Video

Venetoclax + Second Generation BTKi Combination Therapy in R/R CLL

Clinical trial updates evaluating the combination of venetoclax with second-generation BTK inhibitors acalabrutinib and zanabrutinib, respectively.

Transcript:

Sonali M. Smith, MD: We’ve been talking about ibrutinib, but earlier we discussed some of the toxicities associated with ibrutinib, and perhaps 1 of the second-generation BTK [Bruton tyrosine kinase] inhibitors could be tested with the BCL2 inhibition. I’m going to ask Ryan to comment on zanubrutinib and venetoclax in treatment-naïve CLL [chronic lymphocytic leukemia].

Ryan W. Jacobs, MD: Intuition tells us we could probably use 1 of the other more selective second-generation BTK inhibitors with venetoclax and also see an efficacious combination that might have even improved safety. Luckily, with these regimens, we’re cutting down the period of time that patients are on the BTK inhibitor as part of the design. The differences in toxicities might be a lot more subtle when comparing these time-defined BTK regimens than when comparing the long-term single-agent administration until progression or unacceptable toxicity.

The SEQUOIA trial looked at a few things, but it had an arm D that was the combination of zanubrutinib and venetoclax, specifically in a high-risk patient population. Those patients were previously untreated but had a chromosome 17p aberration. In terms of what’s been reported, the trial’s accrual has not been fully met, but we’ve had about half the patient data reported. It looks like great efficacy, and essentially all the patients responded. It’s too short of a follow-up to comment on any long-term outcomes, but it’s good to know that even in this high-risk patient population, that the BTK-BCL2 combination seems to be efficacious. That mirrors what we see in the MRD [minimal residual disease] cohort of the CAPTIVATE study, which looked at high-risk patients in that group.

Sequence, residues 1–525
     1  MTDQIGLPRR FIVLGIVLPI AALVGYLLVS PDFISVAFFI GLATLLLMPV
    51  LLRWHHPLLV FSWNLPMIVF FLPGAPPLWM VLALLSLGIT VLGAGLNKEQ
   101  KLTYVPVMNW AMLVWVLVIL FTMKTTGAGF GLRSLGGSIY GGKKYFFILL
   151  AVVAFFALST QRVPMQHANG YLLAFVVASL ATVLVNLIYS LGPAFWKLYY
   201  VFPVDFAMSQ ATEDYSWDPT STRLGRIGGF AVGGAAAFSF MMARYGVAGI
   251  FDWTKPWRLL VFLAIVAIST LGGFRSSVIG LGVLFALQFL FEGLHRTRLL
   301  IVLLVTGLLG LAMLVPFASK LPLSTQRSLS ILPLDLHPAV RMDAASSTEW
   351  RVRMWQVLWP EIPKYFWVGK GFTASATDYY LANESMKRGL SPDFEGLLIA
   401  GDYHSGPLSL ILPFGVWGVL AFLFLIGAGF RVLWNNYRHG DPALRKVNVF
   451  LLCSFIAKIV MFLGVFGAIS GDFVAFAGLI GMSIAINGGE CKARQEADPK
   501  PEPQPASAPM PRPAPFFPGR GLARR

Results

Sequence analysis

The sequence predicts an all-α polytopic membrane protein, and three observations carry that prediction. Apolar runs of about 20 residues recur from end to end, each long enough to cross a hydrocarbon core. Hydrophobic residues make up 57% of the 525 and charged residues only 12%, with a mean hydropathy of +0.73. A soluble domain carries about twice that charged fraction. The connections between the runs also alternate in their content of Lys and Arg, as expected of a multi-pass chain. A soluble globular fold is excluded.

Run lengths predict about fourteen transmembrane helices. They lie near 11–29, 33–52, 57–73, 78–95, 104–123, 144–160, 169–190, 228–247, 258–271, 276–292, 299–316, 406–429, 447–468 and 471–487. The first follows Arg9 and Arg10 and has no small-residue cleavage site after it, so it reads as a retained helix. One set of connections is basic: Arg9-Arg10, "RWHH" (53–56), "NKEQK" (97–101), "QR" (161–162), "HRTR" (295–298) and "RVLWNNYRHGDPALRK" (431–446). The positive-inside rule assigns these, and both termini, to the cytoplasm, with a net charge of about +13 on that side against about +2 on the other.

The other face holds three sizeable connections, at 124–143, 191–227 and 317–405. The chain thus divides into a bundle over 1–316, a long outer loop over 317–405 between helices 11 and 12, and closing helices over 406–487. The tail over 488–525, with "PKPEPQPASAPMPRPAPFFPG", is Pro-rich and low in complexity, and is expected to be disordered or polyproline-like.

Sonali M. Smith, MD: Nicole, what about acalabrutinib with venetoclax?

Nicole Lamanna, MD: Similarly, as we’re substituting the newer BTK inhibitors in combination with venetoclax to look at a time-limited approach, a lot of studies are going on with acalabrutinib. One is the MAJIC study. Most of these lead in with the BTK inhibitor to debulk and make it easier for venetoclax usage. Most studies have a 3-month lead-in with the BTK inhibitor. In this case, it was acalabrutinib, and then they start the venetoclax and usually go on for 12 months of combination therapy. This study is acalabrutinib-venetoclax vs venetoclax-obinutuzumab, which also will be given for 12 months, and then all patients will be looked at for MRD status at that time period. If they’re MRD negative, they’re done with therapy. If they’re MRD positive, if they’re on the AV [acalabrutinib, venetoclax] arm, they’ll continue for another 12 months. If they’re on venetoclax-obinutuzumab and have MRD positivity, they’ll continue venetoclax monotherapy for 24 months. All patients will be discontinued off therapy at 24 months, regardless. They’ll look at MRD and follow up. This is a very young study. There are other acalabrutinib-venetoclax studies. There’s AV [acalabrutinib, venetoclax] vs acalabrutinib vs FCR [fludarabine, cyclophosphamide, rituximab]. Those are maturing data[MB1] . These are all younger studies, but everybody is looking to improve on a time-limited approach and compare that with venetoclax-obinutuzumab in the front line or VR [venetoclax, rituximab] in the relapse setting.

Transcript edited for clarity.

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